Reina del Cid announces residency at Amsterdam Bar & Hall
|Photo by Peter Lee|
Gimme Noise spoke to Reina about her plan for their Mondays in St. Paul and how it all came together.
When you hear the name Reina del Cid, you may think Latin music, but it truly is not the case with the Minneapolis singer. A stage name taken because she named her guitar "El Cid," (a knight) the artist came to the conclusion that she would be the "Reina," meaning queen in Spanish.
Reina spent a lot a time in college engrossed in her studies, most of those nights spent in libraries. Naturally shy, she figured she would have to be able perform her music live to get it heard. Getting some videos on the internet was the first step -- which led to the band's diverse and wide-spread audience -- but was able to break into the local scene a little more when Quillian Roe of the Roe Family Singers took the band under his wing.
The writer draws much of her influence from Regina Spektor with smart lyrics and convincing melodies. While not Latin, Reina's music is flavored with a retro vibe. She doesn't take all the credit for the success of the songs, though, making sure to bring up how her band contributes to the writing process and, more importantly, the live show.
"When I bring the songs that I write to the band, I usually have the skeleton of the songs, and they either add parts I would expect and it works well, or they totally change the genre of the song. Usually it's a fruitful collaboration. Toni [Lindgren], our lead guitarist, is great because she comes from many different backgrounds. She played with a jam band, a bluegrass band -- so many different kinds of bands. Her musical library that's in her head is so vast that she'll hear the base of a song and come up with things that I never would have thought of. Chris [Wiberg - upright bass] and Clay [Whitney - drums] are wonderful. I met them both through a friend of mine that's in the School of Music at the U of M. They added a lot to what I had when we started playing together."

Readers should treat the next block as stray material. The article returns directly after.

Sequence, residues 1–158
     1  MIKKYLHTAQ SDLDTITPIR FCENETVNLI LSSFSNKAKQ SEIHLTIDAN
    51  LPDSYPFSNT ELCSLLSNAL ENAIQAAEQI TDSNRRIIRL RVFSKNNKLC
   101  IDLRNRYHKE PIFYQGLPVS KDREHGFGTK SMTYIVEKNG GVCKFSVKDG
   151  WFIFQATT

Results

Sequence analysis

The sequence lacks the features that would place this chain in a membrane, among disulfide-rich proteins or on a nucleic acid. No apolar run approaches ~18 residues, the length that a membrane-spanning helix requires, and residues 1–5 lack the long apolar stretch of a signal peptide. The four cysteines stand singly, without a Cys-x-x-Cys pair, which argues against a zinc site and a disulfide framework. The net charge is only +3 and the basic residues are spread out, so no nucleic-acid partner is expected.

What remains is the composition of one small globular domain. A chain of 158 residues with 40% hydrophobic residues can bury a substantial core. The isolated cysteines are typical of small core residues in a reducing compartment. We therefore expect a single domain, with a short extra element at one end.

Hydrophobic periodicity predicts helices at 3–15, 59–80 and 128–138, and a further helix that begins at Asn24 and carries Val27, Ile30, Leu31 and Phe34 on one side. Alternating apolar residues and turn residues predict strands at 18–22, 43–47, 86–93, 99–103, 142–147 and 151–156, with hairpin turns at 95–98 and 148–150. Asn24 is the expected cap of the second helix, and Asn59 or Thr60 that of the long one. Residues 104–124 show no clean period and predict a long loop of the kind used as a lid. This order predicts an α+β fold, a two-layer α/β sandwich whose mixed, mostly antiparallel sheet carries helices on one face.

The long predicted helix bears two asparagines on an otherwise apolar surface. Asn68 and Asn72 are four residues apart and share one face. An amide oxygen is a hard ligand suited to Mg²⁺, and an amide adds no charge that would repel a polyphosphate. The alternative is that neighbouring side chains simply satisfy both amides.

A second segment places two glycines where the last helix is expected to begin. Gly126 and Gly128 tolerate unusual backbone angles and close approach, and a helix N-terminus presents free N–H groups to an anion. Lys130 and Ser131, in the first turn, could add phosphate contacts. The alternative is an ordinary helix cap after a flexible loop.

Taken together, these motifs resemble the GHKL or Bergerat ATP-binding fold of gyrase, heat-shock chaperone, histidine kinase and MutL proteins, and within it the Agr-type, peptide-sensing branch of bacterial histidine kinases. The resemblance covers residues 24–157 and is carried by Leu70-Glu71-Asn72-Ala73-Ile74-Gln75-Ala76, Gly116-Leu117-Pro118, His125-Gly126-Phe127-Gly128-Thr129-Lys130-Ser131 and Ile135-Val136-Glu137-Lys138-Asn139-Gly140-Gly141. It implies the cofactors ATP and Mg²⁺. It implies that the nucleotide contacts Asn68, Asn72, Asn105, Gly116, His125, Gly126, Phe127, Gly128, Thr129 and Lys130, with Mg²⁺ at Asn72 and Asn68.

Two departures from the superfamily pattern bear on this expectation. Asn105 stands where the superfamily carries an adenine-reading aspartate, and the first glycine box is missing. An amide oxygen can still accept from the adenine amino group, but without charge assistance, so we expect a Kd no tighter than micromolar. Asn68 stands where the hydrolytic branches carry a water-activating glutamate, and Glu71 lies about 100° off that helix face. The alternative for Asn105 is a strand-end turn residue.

Reina isn't concerned about lacking songs for their indefinite residency in St. Paul. The singer attributes her constant music writing to her continuous reading and and writing -- mostly fiction and poetry. She says, "I'm just writing a lot in general, so the amount of songs that come out are numerous. I also listen to music all of the time, but I really don't watch T.V. People talk about Breaking Bad, and I'm like, 'What's that?'" The band will throw covers into their sets at the Amsterdam, stuff that is nothing like their originals. "I like to bring in songs that are very different from what I would ever write, to throw people off."
While making the decision to have a permanent residency was difficult, the band decided that it was a good way to connect with the audience, and even expand it. Known for their compelling live shows, shows that they have worked and honed over their year and a half together, Reina acknowledges the lack of a music scene east of the river. "I'm really excited about the residency. If word spreads that there's music in St. Paul, we're hoping to catch people before they head to Minneapolis, or possibly even rejuvenate the music scene in St. Paul."
Reina del Cid & The Cidizens will be begin their Monday night residency at the Amsterdam Bar and Hall on January 21, 2012 with a kickoff party that will include a special guest.
21+, Free, 9 pm